NYU is developing 3D streaming video tech with the help of its dance department

NYU is launching a project to spur the development of immersive 3D video for dance education — and perhaps other areas. Boosted by a $1.2 million four-year grant from the National Science Foundation, the undertaking will try to make Point-Cloud Video (PCV) tech viable for streaming.

A point cloud is a set of data points in a 3D space representing the surface of a subject or environment. NYU says Point-Cloud Video, which strings together point-cloud frames into a moving scene, has been under development for the last decade. However, it’s typically too data-intensive for practical purposes, requiring bandwidth far beyond the capabilities of today’s connected devices.

The researchers plan to address those obstacles by “reducing bandwidth consumption and delivery latency, and increasing power consumption efficiency so that PCVs can be streamed far more easily,” according to an NYU Engineering blog post published Monday. Project leader Yong Liu, an NYU electrical and computer engineering professor, believes modern breakthroughs make that possible. “With recent advances in the key enabling technologies, we are now at the verge of completing the puzzle of teleporting holograms of real-world humans, creatures and objects through the global Internet,” Liu wrote on Monday.

ChatGPT maker OpenAI launched a model last year that can create 3D point clouds from text prompts. Engadget reached out to the project leader to clarify whether it or other generative AI tools are part of the process, and we’ll update this article if we hear back.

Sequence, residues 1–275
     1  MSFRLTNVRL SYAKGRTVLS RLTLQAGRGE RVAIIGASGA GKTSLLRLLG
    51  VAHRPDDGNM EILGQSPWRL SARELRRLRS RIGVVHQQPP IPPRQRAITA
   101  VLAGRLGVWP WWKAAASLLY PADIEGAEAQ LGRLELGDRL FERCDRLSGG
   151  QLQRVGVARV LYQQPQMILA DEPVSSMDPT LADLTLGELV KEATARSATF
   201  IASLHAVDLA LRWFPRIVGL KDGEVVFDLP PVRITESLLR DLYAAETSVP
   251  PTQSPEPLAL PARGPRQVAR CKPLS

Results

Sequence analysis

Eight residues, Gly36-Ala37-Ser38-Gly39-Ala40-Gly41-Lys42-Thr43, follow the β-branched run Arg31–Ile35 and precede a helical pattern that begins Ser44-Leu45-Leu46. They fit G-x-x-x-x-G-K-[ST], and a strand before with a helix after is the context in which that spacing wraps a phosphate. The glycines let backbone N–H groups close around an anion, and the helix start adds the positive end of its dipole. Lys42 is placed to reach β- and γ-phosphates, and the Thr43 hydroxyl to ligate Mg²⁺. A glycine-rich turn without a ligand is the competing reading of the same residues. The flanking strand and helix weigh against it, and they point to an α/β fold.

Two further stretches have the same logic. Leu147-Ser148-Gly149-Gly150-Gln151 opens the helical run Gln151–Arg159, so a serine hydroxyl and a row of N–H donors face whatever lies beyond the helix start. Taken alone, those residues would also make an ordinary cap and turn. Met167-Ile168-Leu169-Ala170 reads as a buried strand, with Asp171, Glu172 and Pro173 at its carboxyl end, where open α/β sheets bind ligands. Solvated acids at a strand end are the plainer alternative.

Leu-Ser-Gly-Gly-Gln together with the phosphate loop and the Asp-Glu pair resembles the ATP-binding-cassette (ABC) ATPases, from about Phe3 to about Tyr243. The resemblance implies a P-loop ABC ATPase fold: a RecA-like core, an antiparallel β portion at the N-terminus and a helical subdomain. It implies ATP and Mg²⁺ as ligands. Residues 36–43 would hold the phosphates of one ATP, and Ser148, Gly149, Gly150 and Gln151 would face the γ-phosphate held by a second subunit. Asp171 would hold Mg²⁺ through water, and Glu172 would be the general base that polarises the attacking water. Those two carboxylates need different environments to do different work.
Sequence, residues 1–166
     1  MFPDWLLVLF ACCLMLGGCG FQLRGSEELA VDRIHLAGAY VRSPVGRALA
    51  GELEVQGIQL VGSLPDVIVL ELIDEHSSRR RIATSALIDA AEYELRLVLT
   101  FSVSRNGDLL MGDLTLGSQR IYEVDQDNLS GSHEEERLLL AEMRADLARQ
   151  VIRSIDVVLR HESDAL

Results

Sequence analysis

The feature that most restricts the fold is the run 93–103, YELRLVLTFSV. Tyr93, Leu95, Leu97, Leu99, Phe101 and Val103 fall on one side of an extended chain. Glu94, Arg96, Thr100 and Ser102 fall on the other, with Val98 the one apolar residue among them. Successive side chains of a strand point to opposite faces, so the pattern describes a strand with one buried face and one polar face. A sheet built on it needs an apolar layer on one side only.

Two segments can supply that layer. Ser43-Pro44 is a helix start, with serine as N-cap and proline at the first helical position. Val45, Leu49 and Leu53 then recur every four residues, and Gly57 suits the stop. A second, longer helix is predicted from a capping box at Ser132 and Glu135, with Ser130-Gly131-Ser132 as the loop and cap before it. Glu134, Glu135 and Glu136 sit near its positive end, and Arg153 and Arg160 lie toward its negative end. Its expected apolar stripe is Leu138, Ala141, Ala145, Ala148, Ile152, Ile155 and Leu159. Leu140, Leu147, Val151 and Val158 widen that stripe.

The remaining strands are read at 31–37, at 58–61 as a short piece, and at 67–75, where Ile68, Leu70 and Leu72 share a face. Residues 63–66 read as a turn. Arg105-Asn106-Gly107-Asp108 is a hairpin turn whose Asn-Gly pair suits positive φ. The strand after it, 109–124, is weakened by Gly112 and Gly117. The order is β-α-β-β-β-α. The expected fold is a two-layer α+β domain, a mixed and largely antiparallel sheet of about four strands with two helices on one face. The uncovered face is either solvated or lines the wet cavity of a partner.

The team will test the technology with the NYU Tisch School of the Arts and the Mark Morris Dance Group’s Dance Center. Dancers from both organizations will perform on a volumetric capture stage. The team will stream their movements live and on-demand, offering educational content for aspiring dancers looking to study from high-level performers — and allowing engineers to test and tweak their PCV technology.

The researchers envision the work opening doors to more advanced VR and mixed reality streaming content. “The success of the proposed research will contribute towards wide deployment of high quality and robust PCV streaming systems that facilitate immersive augmented, virtual and mixed reality experience and create new opportunities in many domains, including education, business, healthcare and entertainment,” Liu said.

“Point-Cloud Video holds tremendous potential to transform a range of industries, and I’m excited that the research team at NYU Tandon prioritized dance education to reap those benefits early,” said Jelena Kovačević, NYU Tandon Dean.

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